New findings show 60% of farmers are either overweight or obese, compared with 50% of the Irish population.
However, just 27% of the farmers believed they were too heavy.
The ongoing study is being carried out by Teagasc and health professionals from the Waterford Institute of Technology (WIT), Centre for Men's Health, IT Carlow and the UCD Schools of Physiotherapy and Performance Science and Agriculture and Food Science.
There are 366 farmers taking part in the farmers' health study and 86% are male. The most recent findings compares self-reported health behaviours with the overall general population, available from the national Survey on Lifestyle and Attitude to Nutrition (SLAN).
Dr John McNamara, Teagasc health and safety specialist, advised farmers to give more emphasis to their health for quality of life and farm production reasons.
He stated that research from both Ireland and internationally indicates that poor health leads to reduced capacity to undertake farm work and as a consequence reduced farm income. Farmers in poor health are also susceptible to higher levels of injuries.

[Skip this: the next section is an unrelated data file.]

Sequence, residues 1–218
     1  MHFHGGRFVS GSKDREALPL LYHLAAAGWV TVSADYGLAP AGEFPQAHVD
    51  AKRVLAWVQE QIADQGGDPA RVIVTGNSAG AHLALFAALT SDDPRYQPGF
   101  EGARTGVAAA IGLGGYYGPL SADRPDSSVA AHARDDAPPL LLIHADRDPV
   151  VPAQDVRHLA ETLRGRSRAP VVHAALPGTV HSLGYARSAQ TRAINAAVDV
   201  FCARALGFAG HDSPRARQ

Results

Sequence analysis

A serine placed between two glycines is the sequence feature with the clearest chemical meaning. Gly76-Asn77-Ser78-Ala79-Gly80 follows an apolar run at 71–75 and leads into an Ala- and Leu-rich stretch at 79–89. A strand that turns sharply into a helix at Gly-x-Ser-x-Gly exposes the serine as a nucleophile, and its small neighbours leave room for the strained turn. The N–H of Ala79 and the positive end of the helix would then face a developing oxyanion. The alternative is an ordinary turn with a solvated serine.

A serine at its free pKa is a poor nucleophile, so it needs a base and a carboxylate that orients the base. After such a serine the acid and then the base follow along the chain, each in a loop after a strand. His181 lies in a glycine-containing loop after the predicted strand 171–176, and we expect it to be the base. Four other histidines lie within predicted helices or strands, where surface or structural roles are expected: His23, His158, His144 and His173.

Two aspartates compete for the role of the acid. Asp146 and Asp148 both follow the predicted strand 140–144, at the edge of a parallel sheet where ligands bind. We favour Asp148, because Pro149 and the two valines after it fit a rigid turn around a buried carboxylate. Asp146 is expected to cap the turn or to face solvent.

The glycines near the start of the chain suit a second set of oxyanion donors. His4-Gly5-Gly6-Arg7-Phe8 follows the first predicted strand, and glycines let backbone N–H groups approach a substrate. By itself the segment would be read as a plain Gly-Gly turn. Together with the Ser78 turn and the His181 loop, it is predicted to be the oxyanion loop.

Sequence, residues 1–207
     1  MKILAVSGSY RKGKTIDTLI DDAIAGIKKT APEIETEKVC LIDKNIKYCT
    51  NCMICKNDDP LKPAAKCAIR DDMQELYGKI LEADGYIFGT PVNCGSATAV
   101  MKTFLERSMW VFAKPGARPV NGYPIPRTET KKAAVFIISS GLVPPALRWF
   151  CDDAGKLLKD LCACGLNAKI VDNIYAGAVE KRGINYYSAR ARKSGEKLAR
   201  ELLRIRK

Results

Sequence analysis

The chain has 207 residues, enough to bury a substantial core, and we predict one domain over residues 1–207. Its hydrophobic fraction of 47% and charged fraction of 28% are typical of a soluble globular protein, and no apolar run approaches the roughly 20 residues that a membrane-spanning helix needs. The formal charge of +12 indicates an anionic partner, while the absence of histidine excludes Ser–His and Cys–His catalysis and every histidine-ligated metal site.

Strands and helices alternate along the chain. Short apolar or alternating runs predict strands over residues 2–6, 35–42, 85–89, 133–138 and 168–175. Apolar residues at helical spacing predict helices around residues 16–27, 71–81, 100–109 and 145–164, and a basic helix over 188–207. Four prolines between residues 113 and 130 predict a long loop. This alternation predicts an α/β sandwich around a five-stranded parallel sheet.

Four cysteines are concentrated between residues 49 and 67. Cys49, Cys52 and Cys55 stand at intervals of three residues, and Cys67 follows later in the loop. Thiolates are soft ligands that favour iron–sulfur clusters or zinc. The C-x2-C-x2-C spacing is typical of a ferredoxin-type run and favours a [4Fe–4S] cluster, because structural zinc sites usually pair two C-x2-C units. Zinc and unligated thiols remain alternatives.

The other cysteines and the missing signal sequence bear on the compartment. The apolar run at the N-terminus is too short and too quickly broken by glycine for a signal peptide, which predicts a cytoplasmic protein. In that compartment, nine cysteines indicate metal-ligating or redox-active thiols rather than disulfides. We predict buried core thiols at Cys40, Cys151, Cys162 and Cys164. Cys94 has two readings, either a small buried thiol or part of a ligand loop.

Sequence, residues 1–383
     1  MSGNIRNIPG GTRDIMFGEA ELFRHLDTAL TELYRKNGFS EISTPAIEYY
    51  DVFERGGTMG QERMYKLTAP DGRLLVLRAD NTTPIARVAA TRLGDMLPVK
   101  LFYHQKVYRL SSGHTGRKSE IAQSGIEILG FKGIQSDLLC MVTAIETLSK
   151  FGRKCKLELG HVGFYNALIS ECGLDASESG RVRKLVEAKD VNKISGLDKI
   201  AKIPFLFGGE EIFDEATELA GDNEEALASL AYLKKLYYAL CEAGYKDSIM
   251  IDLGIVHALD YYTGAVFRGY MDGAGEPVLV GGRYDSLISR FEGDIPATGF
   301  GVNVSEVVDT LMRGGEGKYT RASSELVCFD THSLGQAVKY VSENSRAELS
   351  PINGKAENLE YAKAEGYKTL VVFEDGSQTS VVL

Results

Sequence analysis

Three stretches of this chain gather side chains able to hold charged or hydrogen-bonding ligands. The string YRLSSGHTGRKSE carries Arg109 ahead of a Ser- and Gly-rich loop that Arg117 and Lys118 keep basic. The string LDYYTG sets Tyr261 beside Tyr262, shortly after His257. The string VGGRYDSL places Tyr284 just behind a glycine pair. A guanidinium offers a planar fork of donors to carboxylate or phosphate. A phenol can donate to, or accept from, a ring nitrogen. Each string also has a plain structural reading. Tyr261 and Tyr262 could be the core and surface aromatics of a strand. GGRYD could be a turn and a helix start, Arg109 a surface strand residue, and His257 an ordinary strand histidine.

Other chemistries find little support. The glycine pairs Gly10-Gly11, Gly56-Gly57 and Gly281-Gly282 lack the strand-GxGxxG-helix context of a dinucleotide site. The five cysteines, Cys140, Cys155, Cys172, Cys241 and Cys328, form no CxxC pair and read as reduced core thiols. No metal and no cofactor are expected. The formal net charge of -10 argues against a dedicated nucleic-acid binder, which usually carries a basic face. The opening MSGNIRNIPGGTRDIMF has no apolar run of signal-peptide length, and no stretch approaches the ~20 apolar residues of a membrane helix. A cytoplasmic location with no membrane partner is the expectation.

The study found that 38% of farmers reported one or more health issues in the previous 12 months. Thirty-four per cent reported a physical health complaint and 12% reported mental health issues.
Fifty-nine per cent of farmers had consulted their GP about their health within the last year, which compares to 74% of the general population.
Low back pain was the most prevalent physical complaint, occurring in 28% of farmers. This level is higher than the level for the general population (16%).
Eighty-five per cent of farmers reported drinking alcohol compared to 80% for the Irish population. Nineteen per cent of farmers reported binge drinking (having six or more standard drinks on one occasion) at least once per week compared to 28% of the Irish population.
Aubrey Storey, lecturer in exercise and health science at WIT said the study indicates in particular that farmers should make greater use of healthcare professionals when unwell and to maintain health. It also shows a high level of low back pain which can restrict a farmer's work activity.